Looking for more ways to keep the kids busy at home while working on developing skills? Run a search through the search bar above!
How can I help my child with occupational therapy at home?
If working on developmental areas is needed, you can do activities to support specific areas, using everyday play. Many times, OT practitioners will work with families to design an individualized home OT program that supports specific needs for each child.
Having a specialized OT home program is important because occupational therapists and OTAs can come up with activities that target several areas of development at once, including self-regulation, social emotional development, for example. Or, they may offer ideas to integrate visual motor skills while targeting specific aspects of visual perception. Another example is OT activities that offer calming heavy work input while supporting movement needs (a combination of proprioceptive input and vestibular input) while providing therapy activities that do not over-stimulate the vision and vestibular system.
If you want to add activities to the home that do offer motor skill and precision input for strengthening fine motor skills, some play activities can do this.
These materials are often found in many homes, and occupational therapy providers use these items because they are so prevalent in homes, making the activities easily carried over at home. Try using these materials in occupational therapy at home interventions:
- Swinging on swings or playing at playgrounds
- Jumping on a trampoline
- Playing in a sand box
- Turning coins on a table or dropping coins in a piggy bank
- Playing with tweezers to pick up beads or crumbled paper or small objects
- Making a sensory tray with shaving cream
- Playing with various textures
- Rolling dice
- Offering sensory input by jumping on couch cushions or hopping on pillows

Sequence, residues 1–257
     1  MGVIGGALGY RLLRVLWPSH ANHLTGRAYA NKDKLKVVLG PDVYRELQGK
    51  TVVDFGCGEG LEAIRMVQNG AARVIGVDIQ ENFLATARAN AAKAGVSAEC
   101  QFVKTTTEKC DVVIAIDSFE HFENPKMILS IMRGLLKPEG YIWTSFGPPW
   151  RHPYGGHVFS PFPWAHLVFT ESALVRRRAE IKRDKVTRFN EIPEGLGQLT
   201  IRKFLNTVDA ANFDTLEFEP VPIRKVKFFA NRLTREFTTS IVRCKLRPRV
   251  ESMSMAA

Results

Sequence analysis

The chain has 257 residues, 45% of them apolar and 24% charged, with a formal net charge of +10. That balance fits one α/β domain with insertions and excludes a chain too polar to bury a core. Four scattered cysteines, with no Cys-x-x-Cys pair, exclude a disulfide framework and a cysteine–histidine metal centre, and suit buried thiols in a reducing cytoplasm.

- Making a noodle necklace
- Playing with play dough
- Tearing a piece of paper
- Talking about emotions
- Sorting buttons
- Picking up beans one at a time
These simple activities can be incorporated into the daily routine to support development through play.
Occupational Therapy Home Programs
Occupational therapy home programs are a vital part of the therapeutic process and crucial to a child’s success in therapy. As we know, most children attend therapy sessions once or twice a week, and following through outside of the therapeutic setting is important to both the child and the family. It is essential that you do your best to blend therapy home programs into the already busy schedules and routines of families to ensure compliance and habituate follow-through at home.
Most therapists love providing families with targeted activities or exercises to work on at home to continue a child’s progress toward their goals. Providing these in a fun way can be both a unique art and science in creation by a therapist and the family. Yep, it’s true, including the family in the design is both encouraging and allows for unique ownership by both the child and the family, therefore, making it more successful overall. Keep in mind that home programs can vary greatly depending on a child’s specific needs, family design, and the skill development needed.
Sometimes families need a sensory diet for home or community use, an exercise program to advance skills in strength and endurance, a chore and/or self-care checklist for skill advancement and attainment, an activity program to facilitate targeted skill development and keep motivation with therapy, or a handwriting home program to give further practice in letter formation and handwriting legibility practice.